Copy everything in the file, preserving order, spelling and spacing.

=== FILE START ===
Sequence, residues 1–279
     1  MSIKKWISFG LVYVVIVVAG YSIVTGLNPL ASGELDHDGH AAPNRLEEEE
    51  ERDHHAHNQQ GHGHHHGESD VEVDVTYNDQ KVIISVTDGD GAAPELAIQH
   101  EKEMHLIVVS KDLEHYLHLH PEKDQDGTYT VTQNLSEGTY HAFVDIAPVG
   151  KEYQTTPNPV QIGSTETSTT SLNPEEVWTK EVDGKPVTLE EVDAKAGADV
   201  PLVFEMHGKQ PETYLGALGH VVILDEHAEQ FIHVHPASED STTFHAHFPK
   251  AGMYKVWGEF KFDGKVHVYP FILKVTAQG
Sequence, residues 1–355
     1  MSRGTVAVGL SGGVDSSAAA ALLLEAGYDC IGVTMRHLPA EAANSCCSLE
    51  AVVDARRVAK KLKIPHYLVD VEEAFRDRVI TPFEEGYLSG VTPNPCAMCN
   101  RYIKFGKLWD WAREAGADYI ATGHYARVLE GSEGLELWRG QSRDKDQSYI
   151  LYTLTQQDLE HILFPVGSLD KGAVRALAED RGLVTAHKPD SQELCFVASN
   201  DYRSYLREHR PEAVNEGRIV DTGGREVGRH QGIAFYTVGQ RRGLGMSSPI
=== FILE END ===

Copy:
Sequence, residues 1–279
     1  MSIKKWISFG LVYVVIVVAG YSIVTGLNPL ASGELDHDGH AAPNRLEEEE
    51  ERDHHAHNQQ GHGHHHGESD VEVDVTYNDQ KVIISVTDGD GAAPELAIQH
   101  EKEMHLIVVS KDLEHYLHLH PEKDQDGTYT VTQNLSEGTY HAFVDIAPVG
   151  KEYQTTPNPV QIGSTETSTT SLNPEEVWTK EVDGKPVTLE EVDAKAGADV
   201  PLVFEMHGKQ PETYLGALGH VVILDEHAEQ FIHVHPASED STTFHAHFPK
   251  AGMYKVWGEF KFDGKVHVYP FILKVTAQG
Sequence, residues 1–355
     1  MSRGTVAVGL SGGVDSSAAA ALLLEAGYDC IGVTMRHLPA EAANSCCSLE
    51  AVVDARRVAK KLKIPHYLVD VEEAFRDRVI TPFEEGYLSG VTPNPCAMCN
   101  RYIKFGKLWD WAREAGADYI ATGHYARVLE GSEGLELWRG QSRDKDQSYI
   151  LYTLTQQDLE HILFPVGSLD KGAVRALAED RGLVTAHKPD SQELCFVASN
   201  DYRSYLREHR PEAVNEGRIV DTGGREVGRH QGIAFYTVGQ RRGLGMSSPI